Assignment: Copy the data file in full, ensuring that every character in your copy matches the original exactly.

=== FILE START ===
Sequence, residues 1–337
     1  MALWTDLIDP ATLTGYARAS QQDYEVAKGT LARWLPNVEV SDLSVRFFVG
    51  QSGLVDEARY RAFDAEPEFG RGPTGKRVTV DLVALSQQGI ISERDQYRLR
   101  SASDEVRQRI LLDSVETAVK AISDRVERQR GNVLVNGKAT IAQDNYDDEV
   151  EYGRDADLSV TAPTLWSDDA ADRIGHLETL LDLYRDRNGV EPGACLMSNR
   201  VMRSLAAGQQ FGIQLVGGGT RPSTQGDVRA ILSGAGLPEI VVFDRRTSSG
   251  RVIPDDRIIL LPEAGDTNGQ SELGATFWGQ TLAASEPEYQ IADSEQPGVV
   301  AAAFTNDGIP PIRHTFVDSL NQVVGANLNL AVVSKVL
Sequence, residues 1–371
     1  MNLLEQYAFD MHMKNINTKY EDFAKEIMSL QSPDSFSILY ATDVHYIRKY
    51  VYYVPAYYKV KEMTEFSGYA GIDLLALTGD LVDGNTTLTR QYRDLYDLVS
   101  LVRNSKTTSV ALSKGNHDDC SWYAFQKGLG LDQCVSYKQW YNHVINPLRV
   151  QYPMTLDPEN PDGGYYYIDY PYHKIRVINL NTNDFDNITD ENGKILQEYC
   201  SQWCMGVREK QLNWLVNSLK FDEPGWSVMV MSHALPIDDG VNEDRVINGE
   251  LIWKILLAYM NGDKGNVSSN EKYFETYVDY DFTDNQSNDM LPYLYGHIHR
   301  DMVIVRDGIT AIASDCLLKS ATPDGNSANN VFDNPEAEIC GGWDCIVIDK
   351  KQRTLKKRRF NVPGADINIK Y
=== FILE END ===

Sequence, residues 1–337
     1  MALWTDLIDP ATLTGYARAS QQDYEVAKGT LARWLPNVEV SDLSVRFFVG
    51  QSGLVDEARY RAFDAEPEFG RGPTGKRVTV DLVALSQQGI ISERDQYRLR
   101  SASDEVRQRI LLDSVETAVK AISDRVERQR GNVLVNGKAT IAQDNYDDEV
   151  EYGRDADLSV TAPTLWSDDA ADRIGHLETL LDLYRDRNGV EPGACLMSNR
   201  VMRSLAAGQQ FGIQLVGGGT RPSTQGDVRA ILSGAGLPEI VVFDRRTSSG
   251  RVIPDDRIIL LPEAGDTNGQ SELGATFWGQ TLAASEPEYQ IADSEQPGVV
   301  AAAFTNDGIP PIRHTFVDSL NQVVGANLNL AVVSKVL
Sequence, residues 1–371
     1  MNLLEQYAFD MHMKNINTKY EDFAKEIMSL QSPDSFSILY ATDVHYIRKY
    51  VYYVPAYYKV KEMTEFSGYA GIDLLALTGD LVDGNTTLTR QYRDLYDLVS
   101  LVRNSKTTSV ALSKGNHDDC SWYAFQKGLG LDQCVSYKQW YNHVINPLRV
   151  QYPMTLDPEN PDGGYYYIDY PYHKIRVINL NTNDFDNITD ENGKILQEYC
   201  SQWCMGVREK QLNWLVNSLK FDEPGWSVMV MSHALPIDDG VNEDRVINGE
   251  LIWKILLAYM NGDKGNVSSN EKYFETYVDY DFTDNQSNDM LPYLYGHIHR
   301  DMVIVRDGIT AIASDCLLKS ATPDGNSANN VFDNPEAEIC GGWDCIVIDK
   351  KQRTLKKRRF NVPGADINIK Y